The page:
Side A ends with the bossa nova instrumental travelogue piece, “Let’s Go Away for Awhile” and the traditional sailor’s folk song, “Sloop John B,” (the first single issued from the album) which, while not written by Brian and sung mostly by Mike Love, is still tied to Pet Sounds through the masterful arrangement Brian lends it, full of interesting doublings and punctuated by glockenspiel and a web of guitars lines plus a signature busy bass line provided by Wrecking Crew member, Carole Kaye, a mainstay of the Pet Sounds recordings. But typical for Brian, he doubles Kaye’s electric bass with an upright bass played live on the session.
Side B opens with what is generally acknowledged as one of a handful of the most beautiful songs in the rock canon, “God Only Knows.” Blessed with both a gorgeous melody and an inventive, very beautiful set of chord changes, no less than Paul McCartney once revealed that it’s his favorite song of all time (and has been cited by him as the direct inspiration for his own beautiful song, “Here, There, and Everywhere”). Many notable covers of “God Only Knows” exist, almost all of them slow and dramatic; the original version benefits greatly from a relatively fast tempo and spare but poignant arrangement, the sweetness of Carl’s voice (specially chosen by Brian) coming through as the main feature of the song. There was much concern in the writing of the song over the mention of the sacred name of God in the title, because even though the phrase was a common enough saying, there had yet to be a pop song that made any mention of any sort of deity, except for Kate Smith and “God Bless America.” In the end, the title only adds to the spiritual feel of this very special love song without evoking anything specifically religious.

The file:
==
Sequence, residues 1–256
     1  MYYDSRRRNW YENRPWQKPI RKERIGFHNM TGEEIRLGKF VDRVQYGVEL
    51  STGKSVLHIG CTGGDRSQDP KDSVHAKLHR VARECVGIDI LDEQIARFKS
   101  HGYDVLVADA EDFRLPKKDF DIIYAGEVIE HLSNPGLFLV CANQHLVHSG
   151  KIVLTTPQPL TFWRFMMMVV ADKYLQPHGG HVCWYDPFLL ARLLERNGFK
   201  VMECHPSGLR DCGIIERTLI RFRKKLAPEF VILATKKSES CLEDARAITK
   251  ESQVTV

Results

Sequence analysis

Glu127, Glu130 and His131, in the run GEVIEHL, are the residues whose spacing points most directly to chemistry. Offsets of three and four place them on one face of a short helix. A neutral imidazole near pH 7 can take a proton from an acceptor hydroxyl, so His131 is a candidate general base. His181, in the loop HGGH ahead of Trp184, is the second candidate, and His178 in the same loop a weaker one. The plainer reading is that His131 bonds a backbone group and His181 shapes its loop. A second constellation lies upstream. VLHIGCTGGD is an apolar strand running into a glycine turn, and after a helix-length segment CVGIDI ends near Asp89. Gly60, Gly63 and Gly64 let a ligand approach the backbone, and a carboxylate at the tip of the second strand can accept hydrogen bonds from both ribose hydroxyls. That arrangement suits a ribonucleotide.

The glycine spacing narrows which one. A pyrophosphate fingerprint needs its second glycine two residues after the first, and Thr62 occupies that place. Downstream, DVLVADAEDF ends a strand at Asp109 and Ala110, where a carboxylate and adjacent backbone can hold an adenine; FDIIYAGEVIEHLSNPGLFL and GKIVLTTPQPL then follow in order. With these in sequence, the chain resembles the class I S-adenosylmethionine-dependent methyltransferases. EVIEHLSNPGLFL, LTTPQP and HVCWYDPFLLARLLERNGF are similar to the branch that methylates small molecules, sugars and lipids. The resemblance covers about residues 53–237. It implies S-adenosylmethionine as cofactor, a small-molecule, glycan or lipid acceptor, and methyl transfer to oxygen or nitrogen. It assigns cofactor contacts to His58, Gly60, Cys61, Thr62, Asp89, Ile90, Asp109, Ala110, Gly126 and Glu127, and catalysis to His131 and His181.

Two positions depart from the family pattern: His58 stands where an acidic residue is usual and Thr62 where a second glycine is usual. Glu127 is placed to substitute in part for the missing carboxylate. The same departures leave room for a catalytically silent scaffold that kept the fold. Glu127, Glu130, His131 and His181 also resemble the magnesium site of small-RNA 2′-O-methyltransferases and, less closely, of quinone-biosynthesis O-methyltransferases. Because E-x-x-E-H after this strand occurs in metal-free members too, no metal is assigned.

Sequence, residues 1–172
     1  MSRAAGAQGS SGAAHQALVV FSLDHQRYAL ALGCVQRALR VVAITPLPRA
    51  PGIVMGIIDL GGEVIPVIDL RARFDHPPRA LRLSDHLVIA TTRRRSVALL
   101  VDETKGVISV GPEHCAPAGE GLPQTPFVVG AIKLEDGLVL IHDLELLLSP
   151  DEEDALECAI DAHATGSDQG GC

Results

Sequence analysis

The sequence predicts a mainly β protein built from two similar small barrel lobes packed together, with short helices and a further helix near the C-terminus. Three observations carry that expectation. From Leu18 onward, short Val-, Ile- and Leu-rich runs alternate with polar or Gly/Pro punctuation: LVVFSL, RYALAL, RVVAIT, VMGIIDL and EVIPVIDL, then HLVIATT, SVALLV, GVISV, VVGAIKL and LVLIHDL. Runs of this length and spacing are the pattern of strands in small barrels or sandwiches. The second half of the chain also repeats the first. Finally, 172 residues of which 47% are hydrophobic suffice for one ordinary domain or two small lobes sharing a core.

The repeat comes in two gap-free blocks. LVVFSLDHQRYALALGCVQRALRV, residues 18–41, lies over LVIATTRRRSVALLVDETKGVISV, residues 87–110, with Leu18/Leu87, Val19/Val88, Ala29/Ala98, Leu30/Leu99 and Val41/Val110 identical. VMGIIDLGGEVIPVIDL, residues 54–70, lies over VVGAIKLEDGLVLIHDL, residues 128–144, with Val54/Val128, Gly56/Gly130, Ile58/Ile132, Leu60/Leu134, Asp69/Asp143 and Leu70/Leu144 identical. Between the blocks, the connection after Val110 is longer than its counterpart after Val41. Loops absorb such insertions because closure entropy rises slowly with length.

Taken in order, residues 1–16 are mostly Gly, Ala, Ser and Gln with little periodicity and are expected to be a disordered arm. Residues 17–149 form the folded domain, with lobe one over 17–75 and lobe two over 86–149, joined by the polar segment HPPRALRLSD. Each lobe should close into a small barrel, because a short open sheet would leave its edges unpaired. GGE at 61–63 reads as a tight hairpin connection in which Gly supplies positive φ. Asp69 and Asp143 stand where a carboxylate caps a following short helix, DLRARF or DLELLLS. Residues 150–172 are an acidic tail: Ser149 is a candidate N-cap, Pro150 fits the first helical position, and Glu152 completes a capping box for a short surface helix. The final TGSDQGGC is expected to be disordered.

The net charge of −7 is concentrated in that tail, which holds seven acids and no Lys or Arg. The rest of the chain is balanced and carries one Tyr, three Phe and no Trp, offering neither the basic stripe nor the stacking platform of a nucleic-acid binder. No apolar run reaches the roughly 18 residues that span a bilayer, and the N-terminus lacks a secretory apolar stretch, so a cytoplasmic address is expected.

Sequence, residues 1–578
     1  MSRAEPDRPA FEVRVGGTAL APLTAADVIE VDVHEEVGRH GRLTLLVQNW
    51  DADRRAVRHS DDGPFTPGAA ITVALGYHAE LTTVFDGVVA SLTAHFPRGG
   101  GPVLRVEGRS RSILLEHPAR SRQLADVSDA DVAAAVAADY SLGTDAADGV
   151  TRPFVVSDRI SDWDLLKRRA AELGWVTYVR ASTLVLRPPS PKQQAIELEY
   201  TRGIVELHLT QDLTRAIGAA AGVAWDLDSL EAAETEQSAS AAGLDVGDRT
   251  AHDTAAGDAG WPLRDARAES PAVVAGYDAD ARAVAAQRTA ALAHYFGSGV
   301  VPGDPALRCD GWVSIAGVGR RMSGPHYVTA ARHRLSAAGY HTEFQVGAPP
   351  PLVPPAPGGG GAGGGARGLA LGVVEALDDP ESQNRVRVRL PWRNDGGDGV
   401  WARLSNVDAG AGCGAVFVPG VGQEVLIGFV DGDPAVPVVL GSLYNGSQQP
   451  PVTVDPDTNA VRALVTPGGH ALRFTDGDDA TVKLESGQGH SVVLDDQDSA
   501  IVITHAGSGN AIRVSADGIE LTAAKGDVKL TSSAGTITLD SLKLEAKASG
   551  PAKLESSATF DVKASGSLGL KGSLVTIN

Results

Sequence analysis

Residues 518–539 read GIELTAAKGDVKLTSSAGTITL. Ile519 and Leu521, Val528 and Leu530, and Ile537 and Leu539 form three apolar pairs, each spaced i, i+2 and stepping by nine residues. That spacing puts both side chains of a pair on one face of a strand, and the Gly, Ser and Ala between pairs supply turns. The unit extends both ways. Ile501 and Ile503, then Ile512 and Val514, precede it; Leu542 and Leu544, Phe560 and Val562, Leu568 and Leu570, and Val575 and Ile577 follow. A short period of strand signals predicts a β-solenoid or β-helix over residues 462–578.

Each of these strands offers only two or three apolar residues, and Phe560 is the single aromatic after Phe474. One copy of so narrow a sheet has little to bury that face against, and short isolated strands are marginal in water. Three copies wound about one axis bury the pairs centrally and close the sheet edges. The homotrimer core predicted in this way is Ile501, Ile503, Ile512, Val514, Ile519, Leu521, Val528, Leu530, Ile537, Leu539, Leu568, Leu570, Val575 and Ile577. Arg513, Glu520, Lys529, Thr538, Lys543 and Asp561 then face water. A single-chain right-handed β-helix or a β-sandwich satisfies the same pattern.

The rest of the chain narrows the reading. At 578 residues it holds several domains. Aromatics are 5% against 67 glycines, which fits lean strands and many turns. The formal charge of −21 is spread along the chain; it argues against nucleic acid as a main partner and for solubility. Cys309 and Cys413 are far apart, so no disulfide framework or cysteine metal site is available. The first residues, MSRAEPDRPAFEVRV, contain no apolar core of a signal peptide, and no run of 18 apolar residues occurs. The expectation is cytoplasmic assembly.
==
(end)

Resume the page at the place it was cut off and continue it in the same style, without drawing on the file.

The next track, “I Know There’s An Answer” had a bit of a rough time in the birth canal, starting life with a different title and slightly different lyrics. “Hang Onto Your Ego” was a song about the search for enlightenment and the pitfalls of seeking it through chemical means. Brian would pay dearly for his heavy indulgence with LSD later in life, so it’s fascinating to see him advising himself of the dangers (the original version is readily available). Apparently the song was too druggy for Mike Love so he offered an alternate lyric and title, but decided to keep the references to tripping. Huh. After some heated arguments, Brian agreed to the very minor changes which are probably an improvement anyway, and “I Know There’s An Answer” was born. Musically, the song is a romp and a high point in terms of energy and intention, relying on a riffing piano doubled with an array of keyboard instruments, a solid bass part (also doubled), driving drums, a signature bass harmonica part, and Glen Campbell’s sudden strumming banjo during its wild solo.
Pet Sounds rounds out with “Here Today,” another upbeat contemplation featuring the punctuated basslines of Carole Kaye with a message about how heartbreak is so often nested inside of newfound love, moving into “I Just Wasn’t Made for These Times,” a lament essentially about taking the heat for aspiring to make something as audacious as Pet Sounds, also featuring the articulated bass of Carole Kaye and the expert backing of the unsung L.A. session heroes, the Wrecking Crew. One more bossa nova influenced instrumental confection, “Pet Sounds” is included before the breathtaking finale.